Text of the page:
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新科学和技术以及创新在印度的发展外文翻译-其他专业.doc

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新科学和技术以及创新在印度的发展外文翻译-其他专业.doc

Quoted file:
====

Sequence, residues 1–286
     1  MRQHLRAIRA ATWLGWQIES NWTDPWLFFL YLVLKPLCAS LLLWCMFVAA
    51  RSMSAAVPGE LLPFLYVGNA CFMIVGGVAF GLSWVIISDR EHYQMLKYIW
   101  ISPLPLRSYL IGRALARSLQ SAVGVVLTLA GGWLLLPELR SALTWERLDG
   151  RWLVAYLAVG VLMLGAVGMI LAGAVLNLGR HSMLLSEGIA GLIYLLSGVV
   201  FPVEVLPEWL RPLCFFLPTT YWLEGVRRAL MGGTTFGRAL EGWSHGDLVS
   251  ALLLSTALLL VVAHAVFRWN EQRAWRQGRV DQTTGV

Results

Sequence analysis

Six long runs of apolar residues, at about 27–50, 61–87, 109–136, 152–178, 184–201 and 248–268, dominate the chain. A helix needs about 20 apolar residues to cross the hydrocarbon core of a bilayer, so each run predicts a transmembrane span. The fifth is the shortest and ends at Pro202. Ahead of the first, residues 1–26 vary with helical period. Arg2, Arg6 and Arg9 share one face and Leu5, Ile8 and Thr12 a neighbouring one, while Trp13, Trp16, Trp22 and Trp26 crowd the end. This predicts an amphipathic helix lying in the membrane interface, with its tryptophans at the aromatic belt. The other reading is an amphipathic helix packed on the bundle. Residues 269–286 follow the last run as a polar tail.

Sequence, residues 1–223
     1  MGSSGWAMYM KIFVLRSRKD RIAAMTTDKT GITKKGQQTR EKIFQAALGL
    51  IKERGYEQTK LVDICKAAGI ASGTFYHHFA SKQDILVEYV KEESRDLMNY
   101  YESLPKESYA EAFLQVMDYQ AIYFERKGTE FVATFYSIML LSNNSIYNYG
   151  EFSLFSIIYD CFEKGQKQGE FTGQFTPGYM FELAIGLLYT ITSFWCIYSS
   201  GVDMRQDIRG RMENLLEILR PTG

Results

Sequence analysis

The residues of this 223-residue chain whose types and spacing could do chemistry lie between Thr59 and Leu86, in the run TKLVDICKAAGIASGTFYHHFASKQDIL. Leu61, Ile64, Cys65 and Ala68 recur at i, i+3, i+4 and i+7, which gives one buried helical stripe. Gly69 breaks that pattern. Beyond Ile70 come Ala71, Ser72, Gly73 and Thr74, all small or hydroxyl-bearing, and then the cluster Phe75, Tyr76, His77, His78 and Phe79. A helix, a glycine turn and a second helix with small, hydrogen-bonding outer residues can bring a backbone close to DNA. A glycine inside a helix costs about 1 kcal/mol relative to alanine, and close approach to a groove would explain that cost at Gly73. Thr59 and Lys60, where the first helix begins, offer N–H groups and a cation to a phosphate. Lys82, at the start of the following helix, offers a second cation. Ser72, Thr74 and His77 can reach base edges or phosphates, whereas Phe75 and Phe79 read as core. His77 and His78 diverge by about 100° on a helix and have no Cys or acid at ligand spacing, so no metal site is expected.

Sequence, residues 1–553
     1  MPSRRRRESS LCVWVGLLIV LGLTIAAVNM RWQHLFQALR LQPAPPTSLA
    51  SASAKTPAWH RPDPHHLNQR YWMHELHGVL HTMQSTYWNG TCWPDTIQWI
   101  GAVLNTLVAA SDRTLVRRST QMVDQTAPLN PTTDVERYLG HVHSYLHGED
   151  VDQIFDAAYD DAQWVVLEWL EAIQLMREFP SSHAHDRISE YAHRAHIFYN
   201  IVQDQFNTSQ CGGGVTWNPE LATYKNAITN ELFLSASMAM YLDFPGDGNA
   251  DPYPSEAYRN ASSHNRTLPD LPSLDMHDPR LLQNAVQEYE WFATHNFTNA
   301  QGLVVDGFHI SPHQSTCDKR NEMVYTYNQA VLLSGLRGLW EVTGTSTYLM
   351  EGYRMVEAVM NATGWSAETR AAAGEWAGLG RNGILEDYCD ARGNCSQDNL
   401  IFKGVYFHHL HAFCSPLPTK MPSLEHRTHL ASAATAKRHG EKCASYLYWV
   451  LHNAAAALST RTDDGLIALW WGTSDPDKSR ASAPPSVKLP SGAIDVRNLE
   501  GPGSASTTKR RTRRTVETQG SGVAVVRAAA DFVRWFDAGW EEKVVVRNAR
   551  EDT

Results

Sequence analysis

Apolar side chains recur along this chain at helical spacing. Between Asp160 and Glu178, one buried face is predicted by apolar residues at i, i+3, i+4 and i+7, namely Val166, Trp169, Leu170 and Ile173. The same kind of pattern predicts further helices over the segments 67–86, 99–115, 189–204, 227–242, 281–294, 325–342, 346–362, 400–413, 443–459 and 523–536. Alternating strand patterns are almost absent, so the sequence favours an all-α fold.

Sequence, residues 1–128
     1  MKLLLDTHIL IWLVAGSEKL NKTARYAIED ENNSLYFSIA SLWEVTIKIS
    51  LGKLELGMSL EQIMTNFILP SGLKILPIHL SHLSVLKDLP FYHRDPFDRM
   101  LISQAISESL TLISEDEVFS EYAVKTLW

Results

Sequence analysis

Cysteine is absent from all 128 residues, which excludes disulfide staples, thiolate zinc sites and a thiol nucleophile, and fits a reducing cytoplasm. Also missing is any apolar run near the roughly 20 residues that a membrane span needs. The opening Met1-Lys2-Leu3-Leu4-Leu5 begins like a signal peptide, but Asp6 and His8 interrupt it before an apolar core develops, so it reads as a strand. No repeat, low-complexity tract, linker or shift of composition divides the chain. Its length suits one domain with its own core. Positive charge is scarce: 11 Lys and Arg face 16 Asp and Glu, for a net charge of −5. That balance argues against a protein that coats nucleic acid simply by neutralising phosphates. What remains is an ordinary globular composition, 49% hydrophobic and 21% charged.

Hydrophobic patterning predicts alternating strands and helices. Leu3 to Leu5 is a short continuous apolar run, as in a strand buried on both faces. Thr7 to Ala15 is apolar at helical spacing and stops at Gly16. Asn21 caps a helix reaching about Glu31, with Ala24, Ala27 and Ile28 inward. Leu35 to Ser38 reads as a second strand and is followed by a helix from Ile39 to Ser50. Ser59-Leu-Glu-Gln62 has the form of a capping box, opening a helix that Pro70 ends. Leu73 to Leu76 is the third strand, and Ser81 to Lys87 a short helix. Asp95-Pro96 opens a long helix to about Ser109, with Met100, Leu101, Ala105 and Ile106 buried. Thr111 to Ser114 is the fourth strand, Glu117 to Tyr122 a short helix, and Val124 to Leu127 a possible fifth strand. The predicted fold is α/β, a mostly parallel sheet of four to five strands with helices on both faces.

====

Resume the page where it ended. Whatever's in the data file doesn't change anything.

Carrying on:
中文3860字 毕业论文(设计)外文翻译 外文题目New Science, Technology and Innovation Developments In India 出 处 Supporting Science Technology Polices 作 者 PIKAY RICHARDSON 原文 Abstract This paper reviews the science and technology policies of India and how these have fashioned India’s technology capability over the years. It shows that while India has achieved enormous strides in the area of science, technology and innovation, inappropriate policies in the past have hampered the development of an effective national innovation system. The paper concludes by drawing lessons for the development of an EU-wide science and technology policy 2. Trends in STI Developments in India 2.2 Trends in India’s Science and Technology Policy It has long been recognized that investment in science and technology makes substantial contribution to economic growth in terms of higher growth rates of an economy’s total factor productivity Abramovitz, 1956, Denison 1962 and Solow, 1957, among others. In addition to direct returns, huge positive externalities have also been found to be associated with it Abramovitz, 1989. Taking cognisance of the importance of technology’s role in development, advanced countries nurture continuing development of science and technology and most developing countries adopt RD policies in the early phases of their development. Science and Technology policy constitutes an integral part of a nation’s overall industrial policy Barber and White, 1987. While the former shapes the pace and direction of technology development, the latter determines the nature of demand. This section reviews the evolution of Science and Technology policy in India since independence。 Science and Technology policy of any nation is carved within the background of overall industrial policy. If anything, ST policy is supposed not only to give meaning to, but more importantly, to ensure achievement of the goals of industrial policy. It is therefore the thrust and direction of industrial policy that determines the tenets of any ST policy, although it must be said that RD may lead to results that may also change the course of industrial policy. Even so, ST policy has almost always been driven by the goals of industrial development policy. This section therefore describes the development strategy adopted by the government in the various phases of development and analyses the accompanying ST policy. Two strands of ST policy have existed – policies related to technology transfer from abroad through formal modes such as FDI, technology licensing and capital goods imports and domestic technology generation policies. Having realized that the pursuit of autarkic economic policies in much of the post-independence period to 1990 was a mistake, India undertook sweeping reforms as a way of speeding economic growth and achieving faster integration into the world economy. Part of these reforms has been the re-enactment of a science and technology policy more suited to the achievement of the goals of building a prosperous nation. 3. Response to/Impact of Reforms 3.2.2 Global RD Centers Hirwani and Jain 1999 have shown that although market-oriented activities were more important to MNEs in most of the 1990s, technology oriented activities are growing in importance. Hitherto, MNEs had been emphasizing a strategy of customizing products for the Indian market and of obtaining cost-efficient manufacturing facilities in India. Increasingly, however, there has been a clear move towards obtaining access to high quality scientists, engineers and designers in India. Some RD centers set up in India by some MNEs conduct contract research for the corporate laboratories outside India. Prior to 1991, the establishment of such RD centers by MNEs was consciously lacking. Since India signed the GATT Agreement in 1993 and subsequently passed the Intellectual Property law in 1994, over 60 MNEs have set up RD centers in technology intensive industries, mostly to take advantage of the strong pool of highly-trained engineers and scientists. Before 1991, there were only two such centers in the country. Apart from the setting up of new centers in India to take advantage of the liberalized atmosphere, the raison d’tre and mode of operation of existing centers have also been changing by the new market environment. Some companies have completely restructured their RD centers in India, shifting the focus from developing products for Indian markets to making them centers of global excellence. Others have expanded their. operations and hired many Indian scientists and technologists. This is more evident in the areas of information and computer technology. Such centers conduct RD for worldwide operations. The availability of high quality labor has been a motivating factor in the establishment of centers by companies such as Astra, Unilever, GE and Software Development Centers of Texas Instruments, Oracle, Microsoft and others. Substantial RD presence has also been established in the areas of pharmaceuticals and biotechnology. 3.4 Commercial Orientation of Public Research Organizations India has a strong industrial research infrastructure, which was fostered in the early stages of its post-independence growth. While the supply-side was generously supported, the industrial research system, prior to liberalization, was mostly geared to import substitution Bowonder and Richardson, 2000. The publicly funded Council of Scientific and Industrial Research CSIR and other bodies tended to be isolated entities with little or no links to industry. In such a protected environment, there was no need to benchmark their activities to those of global players. Also their activities were only marginally focused on commercialization. The last decade has seen many of these laboratories become more commercially oriented. They have been directing their efforts towards international quality RD. Two recent major policy thrusts have been a an increase in the quest for patenting in Europe and the USA, as a means of engendering a strong desire to undertake RD and to innovate and b an increase in the commercial orientation of industrial research, with a view to making these bodies less dependent on public budgetary support. 3.6 FDI Spill-over’s and Technological Capability Liberalization policies and the response by both foreign and Indian companies alike have had many spillovers that are valuable for India’s technological capability. The growth of the software industry has had wide-ranging impact on the economy. The demand for software imports and the setting up of foreign development centers have contributed to the rapid increase in compensation levels, estimated at an annual rate of 25 in the second half of the 1990s. Other benefits have included stock options and good employment opportunities, thereby slowing brain drain to some extent. Foreign participation has exposed Indian engineers and scientists to new technologies and made them more sensitive to the protection of intellectual property software IP piracy was estimated to have risen from 59 to 61 between 1999 and 2000 Krishnan, 2001. Another factor has been the sharp increase in the output of degree- and diploma awarding institutions. The number of institutions offering formal degree-level education in engineering more than doubled between 1990 and 2000, from 339 to 776. Student intake capacity also doubled with 80 rise in the science/engineering places. Although venture capital organizations started to emerge in India in 1986, the growth of technology-based ventures did not catch up. In the last decade, however, there has been a substantial rise in IT-based venture capital. Nigam 2001 records that venture capital investments reached 350 million in 2000, as against a figure of less than 5 million in 1995. A large chunk of this amount 70 was directed into the IT sector. Many new venture capital firms are being set up, either by Indian-based industrialists and young professionals or by Indians based overseas. Although recent studies Chandrasekhar and Basavarajappa, 2001; Mehta and Sama, 2001 show that there has been little change in RD intensity of Indian industry, there has been a clear shift toward increased product development and innovation Krishnan and Prabha, 1999. This has been accompanied by increased awareness of intellectual property IP rights and, by implication, the importance of patenting. According to the US Patent Office, of the ten India-based organizations which filed the largest number of US patents in the 1995-2000 period, three are Indian pharmaceutical companies. The CSIR has also been filing patents in India and the US, all this result of new outward-looking policies. 4. Science and Technology Policy in Relation to the Multilateral System India is a founder member of the General Agreement on Tariffs and Trade GATT 1947 and its successor, the World Trade Organisation WTO, which came into effect on January 1 1995, after the conclusion of the Uruguay Round of multilateral trade negotiations. Indias participation is based on the need to ensure more stability and predictability in international trade with a view to achieving more trade and prosperity for itself and the other members of the WTO. The multilateral trading system administered by the WTO aims to bring about orderliness, transparency and predictability in global trade through reductions in tariffs, progressive removal of non-tariff barriers, elimination of trade-distorting measures and systems of values to serve as guidelines for national legislation to bring about uniformity in laws and regulations everywhere. The establishment of the WTO has created a forum for continuous negotiations to reconcile differing and oftentimes conflicting interests of members. Although there is unanimity in the provisions of International Trade theory that free trade enhances global welfare, nationalism and differing goals as well as the appropriation of the benefits of trade lead to many disagreements and conflicts within the global trading system. Conflicts arise between developed and developing countries as a result of differing developmental needs and goals and even between developed or developing country blocs. India strongly subscribes to the multilateral approach to trade relations and grants MFN treatment to all its trading partners, including even those, which are non-members of the WTO. Within the WTO, India has committed itself to ensuring that the sectors in which developing countries hold a comparative advantage are adequately opened up to international trade and also that the special Differential Treatment Provisions for developing countries under various WTO Agreements are translated into specific enforceable dispensations in order that developing countries are facilitated in their developmental efforts. 5. The Future of Science and Technology Policy in India India has achieved world-class excellence in a number of science-intensive sectors such as nuclear power, satellite communications and defense. Since nearly half of RD spending is incurred in theses sectors, the Government has been concerned to enhance the spin-offs from these investments as well as encourage technology transfers between these research centers and between the centers and the wider industry. India can also be described as truly scientifically-proficient in many other years. 6. Summary and Implications for EU-wide ST Policy The prosperity of any economy depends on the productivity of its economic assets. Many studies have shown the vital role technological innovation plays in engendering productivity growth and long-run economic growth, and in determining a nation’s standard of living. In a globalizing world economy, the link between innovative capacity and prosperity has grown ever tighter and a rapid rate of innovation is needed to drive productivity growth. Advanced countries are becoming increasingly labor-constrained. Maintaining economic growth will, therefore, demand a stepped-up rate of innovation, and perhaps, the importation of skilled labor from other countries, as has been witnessed in some countries in recent years. Economic development in developing countries will in a similar vein depend on a more efficient use of resources as well as stepped-up innovation. Like other countries, India in its quest to achieve industrialization and improve the quality of life of its people, has fostered an Industrial and ST policy since the early years of independence. Although it has achieved much progress in the area of science and technology, a policy of isolationism and a failure to develop an appropriate mix of the determinants of an effective NIS, has meant that today, India’s performance is much lower than would have been the case otherwise. The poor performance started in the late 1960s. In the protected regime that India went for, it could not build capacity to innovate and produce internationally competitive technologies. The process of liberalization that started in the 1980s and accelerated in the 1990s, however, put competitive pressures on Indian firms to modernize and upgrade their technologies. At the same time, many MNEs entered the Indian market via FDIs and technology investments. Several foreign owned and jointly-owned RD centers have been established. Indian organizations and institutions have been encouraged to become more commercial-orientated and outward looking. Other measures have included direct intervention in forging links between industry and universities and among firms, strengthening of existing infrastructure and the creation of new institutions that may have important ingredients in the innovation chain. 译文 新科学和技术以及创新在印度的发展 摘 要 本文回顾了印度的相关科学和技术的政策,以及这些政策在过去的一些时期内如何影响印度的科技能力。结果表示,印度在科技创新方面取得了?#27426;?#30340;成就,以及在不恰当的政策下,如何影响印度的创新体系的发展。该文章最后总结了欧盟地区国家科技发展的经验和教训。 二、印度科学技术政策的趋势 2.2 印度的科学和技术政策趋势 人们早已认识到对科学和技术方面的投资,在一个经济体的全部的生产要素有较高的增长率的条件下,对经济的增长会产生巨大的?#27605;住?#38500;了直接的回报外,与它有巨大的(积极地)相关联也同样被发现。考虑到科学技术在发展中的重要性,发达国家很自然的?#20013;?#22320;进行着科学和技术的发展,而大多数的发展中国?#20197;?#20182;们发展的早期阶段则采取研发的策略。科学和技术的政策,组成整个国家的工业政策中不可分割的一部分。?#27426;?#25216;术发展的步伐和方向的先前的形状,决定了自然的需求。本节介绍了自独立以来印度的科学和技术政策的演变。任何国家的科学和技术政策都会在整体工业政策的背景中体现出来。不管怎样,科技政策都应该不仅仅是被给出来,但更重要的是,以确保各项工业政策目标的实现。因此工业政策的推力以及方向的?#33539;ǎ?#20915;定了任何科学和技术政策的规定。尽管如此,但还是需要说明的是,研发也许会导致或许会改变工业政策的变化。因此,科学和技术几乎一直都被工业发展政策的目标所驱?#29486;?#21521;前发展。因此,本节介绍了政府在不同的发展阶段所采取的各种不同的发展策略,以及分析了伴随科学技术发展的政策。有两个科学技术的标准关于从国外FDI的技术转移的相关政策,技术许可和资本商?#26041;?#21475;和国内技术通常政策。当认识到在1990年间大多数的后独立的国家追求自给自足的经济政策是一个错误之后,印度开始着手大规模的改革,作为一种加速经济增长,进行最快的整合来融入到世界经济之中去的方法。部分的改革成为繁荣科学和技术的策略,使之更加适合去实现建设一个富强国家的目标。 三、对改革的反应或影响 3.2 全球研发中心 Hirwani 和Janin 1999 年 显示虽然在 1990 年代的大部分以市场为导向的活动,更重要的是多国企业,技术导向型活动也变得日益重要。到目前为止,多国企业已强调了一种针对印度市场和获得成本高效的生产设施的自定义产品的战略。更多的是,尽管如此,在印度有一个比较明显的举动,那就是去获得高?#20998;?#30340;科学技术,工程师和设计师。由跨国公司在印度以外建立的一些研发中心与印度进行签订合同的研究。追溯到1991年,由跨